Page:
Ask the Right Person to Get the Right Answer

Andy Betz


He read my previous posts.  He understood he required assistance.  He could go to Google or a doctor or even a crime novel, but he didn’t.  He went to me.  He commented on one of my posts.  He posted his own work in hopes that I would read it.  I did.  It was interesting.  I followed him.  He followed me.  He said he was a retired English teacher and could give me some pointers on grammar, spelling, and punctuation.  I said I was a current college instructor and high school teacher in math, chemistry, and physics.  He didn’t care.  I asked why.  He wanted to know about when I was firefighter and cleaned crime scenes.  Many people who meet me eventually want to hear a story, so I gave him one.  Then another.  Then another.  He had an insatiable desire for details.  He wanted to know how the people died and if they suffered.  He wanted to know how I felt, how I reacted, and how I responded.  Almost vicarious, his inquiries about my work became more frequent but not puzzling.  I knew his objective.  I researched his life.  A small payment to a small custodian at a small company and I have all the questions to the answers he never would divulge.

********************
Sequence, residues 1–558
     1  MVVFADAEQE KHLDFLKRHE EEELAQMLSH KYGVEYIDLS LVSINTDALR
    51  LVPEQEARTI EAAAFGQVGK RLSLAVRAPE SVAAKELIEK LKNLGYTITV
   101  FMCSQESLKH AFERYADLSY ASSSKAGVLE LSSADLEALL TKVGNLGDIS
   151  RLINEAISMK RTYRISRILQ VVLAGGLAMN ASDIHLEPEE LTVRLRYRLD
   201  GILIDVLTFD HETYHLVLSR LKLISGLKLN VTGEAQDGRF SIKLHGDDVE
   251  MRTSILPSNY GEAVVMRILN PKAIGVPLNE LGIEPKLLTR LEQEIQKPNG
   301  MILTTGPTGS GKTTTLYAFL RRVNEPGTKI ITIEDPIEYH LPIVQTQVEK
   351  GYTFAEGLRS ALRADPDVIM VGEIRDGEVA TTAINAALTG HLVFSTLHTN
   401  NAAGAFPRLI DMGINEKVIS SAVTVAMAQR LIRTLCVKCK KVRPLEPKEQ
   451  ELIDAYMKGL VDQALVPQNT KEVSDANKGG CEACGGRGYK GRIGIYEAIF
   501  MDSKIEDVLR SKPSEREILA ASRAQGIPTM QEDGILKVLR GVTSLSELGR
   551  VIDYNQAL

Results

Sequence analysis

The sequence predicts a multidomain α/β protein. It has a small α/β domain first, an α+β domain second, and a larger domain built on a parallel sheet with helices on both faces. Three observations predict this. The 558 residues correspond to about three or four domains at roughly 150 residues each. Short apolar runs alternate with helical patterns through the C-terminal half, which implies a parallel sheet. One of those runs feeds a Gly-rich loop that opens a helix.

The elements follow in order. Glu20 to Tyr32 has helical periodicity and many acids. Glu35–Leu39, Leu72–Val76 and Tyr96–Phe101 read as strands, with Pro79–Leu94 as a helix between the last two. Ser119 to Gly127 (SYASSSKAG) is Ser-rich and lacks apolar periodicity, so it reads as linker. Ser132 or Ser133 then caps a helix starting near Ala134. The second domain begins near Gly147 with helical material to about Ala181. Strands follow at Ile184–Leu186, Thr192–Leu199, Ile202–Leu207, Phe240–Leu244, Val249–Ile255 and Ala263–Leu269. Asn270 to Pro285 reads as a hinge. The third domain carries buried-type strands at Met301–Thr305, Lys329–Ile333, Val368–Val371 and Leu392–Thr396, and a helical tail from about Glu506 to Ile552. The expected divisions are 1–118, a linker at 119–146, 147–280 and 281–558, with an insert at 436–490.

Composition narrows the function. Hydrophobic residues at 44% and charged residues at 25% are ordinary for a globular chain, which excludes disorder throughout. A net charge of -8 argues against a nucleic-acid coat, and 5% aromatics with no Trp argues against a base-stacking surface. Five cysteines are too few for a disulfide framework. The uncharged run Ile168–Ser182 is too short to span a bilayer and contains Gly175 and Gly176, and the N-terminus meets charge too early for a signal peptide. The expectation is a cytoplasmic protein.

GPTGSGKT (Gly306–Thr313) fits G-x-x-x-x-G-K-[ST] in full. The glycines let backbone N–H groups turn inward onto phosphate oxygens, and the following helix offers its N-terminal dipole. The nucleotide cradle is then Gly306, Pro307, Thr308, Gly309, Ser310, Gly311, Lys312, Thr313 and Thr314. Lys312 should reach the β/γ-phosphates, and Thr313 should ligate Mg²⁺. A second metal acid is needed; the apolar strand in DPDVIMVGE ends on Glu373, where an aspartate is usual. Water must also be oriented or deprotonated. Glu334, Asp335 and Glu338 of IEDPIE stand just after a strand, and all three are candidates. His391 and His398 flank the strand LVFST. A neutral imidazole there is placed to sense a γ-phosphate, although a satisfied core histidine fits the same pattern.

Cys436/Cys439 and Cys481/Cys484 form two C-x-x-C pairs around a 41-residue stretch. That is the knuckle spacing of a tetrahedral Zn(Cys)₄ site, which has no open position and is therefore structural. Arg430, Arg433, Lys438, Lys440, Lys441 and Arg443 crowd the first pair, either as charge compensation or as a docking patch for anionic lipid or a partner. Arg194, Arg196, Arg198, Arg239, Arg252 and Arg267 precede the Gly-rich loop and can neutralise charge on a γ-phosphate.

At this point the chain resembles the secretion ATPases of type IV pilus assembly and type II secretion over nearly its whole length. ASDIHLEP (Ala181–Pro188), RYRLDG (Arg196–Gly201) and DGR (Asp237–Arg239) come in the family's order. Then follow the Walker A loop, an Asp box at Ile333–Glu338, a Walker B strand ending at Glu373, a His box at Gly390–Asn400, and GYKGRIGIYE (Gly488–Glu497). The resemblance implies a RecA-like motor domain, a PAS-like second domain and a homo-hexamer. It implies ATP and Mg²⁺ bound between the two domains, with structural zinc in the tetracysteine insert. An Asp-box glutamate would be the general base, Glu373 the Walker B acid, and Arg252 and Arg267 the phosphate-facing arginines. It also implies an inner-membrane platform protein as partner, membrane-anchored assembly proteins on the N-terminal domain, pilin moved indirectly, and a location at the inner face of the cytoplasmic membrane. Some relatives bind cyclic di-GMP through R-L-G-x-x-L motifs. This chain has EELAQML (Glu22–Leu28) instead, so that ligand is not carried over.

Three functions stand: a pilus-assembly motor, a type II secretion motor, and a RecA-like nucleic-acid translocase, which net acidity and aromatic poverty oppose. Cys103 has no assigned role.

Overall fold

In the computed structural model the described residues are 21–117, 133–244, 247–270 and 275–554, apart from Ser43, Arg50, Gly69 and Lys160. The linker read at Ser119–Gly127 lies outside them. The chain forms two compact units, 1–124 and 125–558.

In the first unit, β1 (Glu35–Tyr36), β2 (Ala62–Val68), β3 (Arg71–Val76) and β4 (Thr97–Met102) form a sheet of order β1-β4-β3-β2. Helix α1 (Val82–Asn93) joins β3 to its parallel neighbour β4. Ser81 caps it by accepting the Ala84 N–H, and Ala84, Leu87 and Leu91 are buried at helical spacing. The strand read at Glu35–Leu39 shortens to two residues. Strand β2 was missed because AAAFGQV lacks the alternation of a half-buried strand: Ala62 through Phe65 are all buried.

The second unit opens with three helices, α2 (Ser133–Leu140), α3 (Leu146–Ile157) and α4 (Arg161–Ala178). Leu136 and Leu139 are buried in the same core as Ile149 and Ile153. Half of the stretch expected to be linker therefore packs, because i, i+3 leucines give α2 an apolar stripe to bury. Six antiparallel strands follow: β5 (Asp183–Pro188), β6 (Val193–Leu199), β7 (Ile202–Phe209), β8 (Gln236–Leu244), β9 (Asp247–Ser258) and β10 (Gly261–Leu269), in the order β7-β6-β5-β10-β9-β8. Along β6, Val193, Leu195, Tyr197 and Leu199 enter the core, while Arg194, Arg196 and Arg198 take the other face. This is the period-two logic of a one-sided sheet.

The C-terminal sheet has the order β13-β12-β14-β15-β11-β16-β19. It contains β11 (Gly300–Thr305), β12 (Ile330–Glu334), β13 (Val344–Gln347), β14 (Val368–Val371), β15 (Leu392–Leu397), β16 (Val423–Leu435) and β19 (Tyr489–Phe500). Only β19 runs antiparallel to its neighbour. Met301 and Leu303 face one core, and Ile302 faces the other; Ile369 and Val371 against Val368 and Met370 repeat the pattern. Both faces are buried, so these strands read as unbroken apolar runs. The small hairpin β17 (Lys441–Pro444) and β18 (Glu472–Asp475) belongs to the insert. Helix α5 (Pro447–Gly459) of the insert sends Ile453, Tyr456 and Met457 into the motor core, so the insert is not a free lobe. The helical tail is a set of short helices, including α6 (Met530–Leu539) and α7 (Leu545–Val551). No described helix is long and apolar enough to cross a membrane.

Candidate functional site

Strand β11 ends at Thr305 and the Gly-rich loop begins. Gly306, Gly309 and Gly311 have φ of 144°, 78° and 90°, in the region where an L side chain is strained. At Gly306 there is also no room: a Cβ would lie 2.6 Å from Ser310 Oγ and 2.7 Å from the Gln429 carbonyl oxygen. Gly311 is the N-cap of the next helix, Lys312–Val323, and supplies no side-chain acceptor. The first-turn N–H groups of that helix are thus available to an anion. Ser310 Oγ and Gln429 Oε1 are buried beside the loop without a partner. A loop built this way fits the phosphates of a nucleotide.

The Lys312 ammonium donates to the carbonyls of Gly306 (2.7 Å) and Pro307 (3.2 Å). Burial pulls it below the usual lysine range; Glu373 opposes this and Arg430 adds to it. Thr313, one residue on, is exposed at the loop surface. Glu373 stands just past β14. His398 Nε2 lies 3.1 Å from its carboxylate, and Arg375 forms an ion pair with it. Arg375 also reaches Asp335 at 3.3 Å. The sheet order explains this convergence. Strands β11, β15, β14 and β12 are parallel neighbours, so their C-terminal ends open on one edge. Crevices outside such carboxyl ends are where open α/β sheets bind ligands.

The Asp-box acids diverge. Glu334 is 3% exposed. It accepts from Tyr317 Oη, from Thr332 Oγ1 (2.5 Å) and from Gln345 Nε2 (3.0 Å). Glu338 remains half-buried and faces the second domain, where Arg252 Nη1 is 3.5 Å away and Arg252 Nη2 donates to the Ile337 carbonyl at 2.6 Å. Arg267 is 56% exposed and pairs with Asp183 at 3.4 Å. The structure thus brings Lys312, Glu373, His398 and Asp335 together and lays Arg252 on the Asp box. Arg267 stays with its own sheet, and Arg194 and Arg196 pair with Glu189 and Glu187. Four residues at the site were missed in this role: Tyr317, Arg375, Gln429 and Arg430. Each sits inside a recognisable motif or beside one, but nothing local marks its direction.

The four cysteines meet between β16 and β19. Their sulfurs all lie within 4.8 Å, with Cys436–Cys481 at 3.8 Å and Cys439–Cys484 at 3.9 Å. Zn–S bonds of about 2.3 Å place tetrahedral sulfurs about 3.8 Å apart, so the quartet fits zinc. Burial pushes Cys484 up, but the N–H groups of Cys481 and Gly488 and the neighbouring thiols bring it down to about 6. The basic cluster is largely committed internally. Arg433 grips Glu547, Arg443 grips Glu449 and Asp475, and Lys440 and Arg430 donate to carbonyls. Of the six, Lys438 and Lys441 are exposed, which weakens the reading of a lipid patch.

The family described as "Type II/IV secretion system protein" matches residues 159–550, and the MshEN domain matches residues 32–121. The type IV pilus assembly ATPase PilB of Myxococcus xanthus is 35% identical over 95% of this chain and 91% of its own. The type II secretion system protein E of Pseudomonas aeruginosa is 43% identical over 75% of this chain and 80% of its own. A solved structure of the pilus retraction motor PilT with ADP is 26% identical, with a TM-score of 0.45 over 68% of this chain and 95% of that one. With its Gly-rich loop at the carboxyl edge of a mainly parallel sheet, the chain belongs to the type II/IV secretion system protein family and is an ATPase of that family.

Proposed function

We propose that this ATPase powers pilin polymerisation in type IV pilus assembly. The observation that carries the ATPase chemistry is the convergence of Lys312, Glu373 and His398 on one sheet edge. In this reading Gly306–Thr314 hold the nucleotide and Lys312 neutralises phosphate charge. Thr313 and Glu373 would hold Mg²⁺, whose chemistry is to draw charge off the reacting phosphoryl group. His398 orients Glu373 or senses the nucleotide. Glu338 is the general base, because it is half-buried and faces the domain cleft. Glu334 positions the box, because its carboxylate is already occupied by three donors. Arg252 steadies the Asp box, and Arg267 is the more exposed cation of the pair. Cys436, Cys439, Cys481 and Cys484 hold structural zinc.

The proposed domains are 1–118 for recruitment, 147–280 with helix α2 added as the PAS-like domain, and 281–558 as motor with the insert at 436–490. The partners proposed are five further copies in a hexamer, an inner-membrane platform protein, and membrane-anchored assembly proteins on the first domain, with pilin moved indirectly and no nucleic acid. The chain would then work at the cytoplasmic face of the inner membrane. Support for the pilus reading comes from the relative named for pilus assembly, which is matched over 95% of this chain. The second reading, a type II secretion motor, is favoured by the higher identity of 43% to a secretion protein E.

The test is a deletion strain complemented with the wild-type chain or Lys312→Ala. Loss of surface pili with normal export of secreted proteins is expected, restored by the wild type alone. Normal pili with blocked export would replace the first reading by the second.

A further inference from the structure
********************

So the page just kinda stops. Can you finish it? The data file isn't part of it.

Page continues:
He wanted to die, but he wanted to die in a very specific way.


So, under the auspices of research, I gave him what he wanted.  I encountered two previous incidents involving two different people with the same problem who did not want to create additional problems for their friends or family.  I didn’t tell him this, I wrote it, and he read it. Even so, I swore I heard his smile grow from ear to ear.  His brief reply was, “This is it”.  The next day, I posted the details (equipment, procedures, and timing) and he responded with a simple, “Thank you”.


I found his obituary in his hometown newspaper within a week.


I feel neither remorse for him nor guilt for my actions.


The police asked me to sign my statement after I reviewed it for accuracy.


I might have, but that was their job, not mine.



With degrees in Physics and Chemistry, Andy Betz has tutored and taught in excess of 30 years. His novel (The Lady in Red Quilt), his short stories (“If Revenge is What You Seek,” “To Tell or Not to Tell,” “The Copy,” “Kelly”, “My Color,” and “Mrs. Zeeman”), and his poems (“Soon,” “When I Was 10,” and “I Watched the Ocean”) are works still defining his style. He lives in 1974, has been married for 26 years, and collects occupations (the current tally is 95).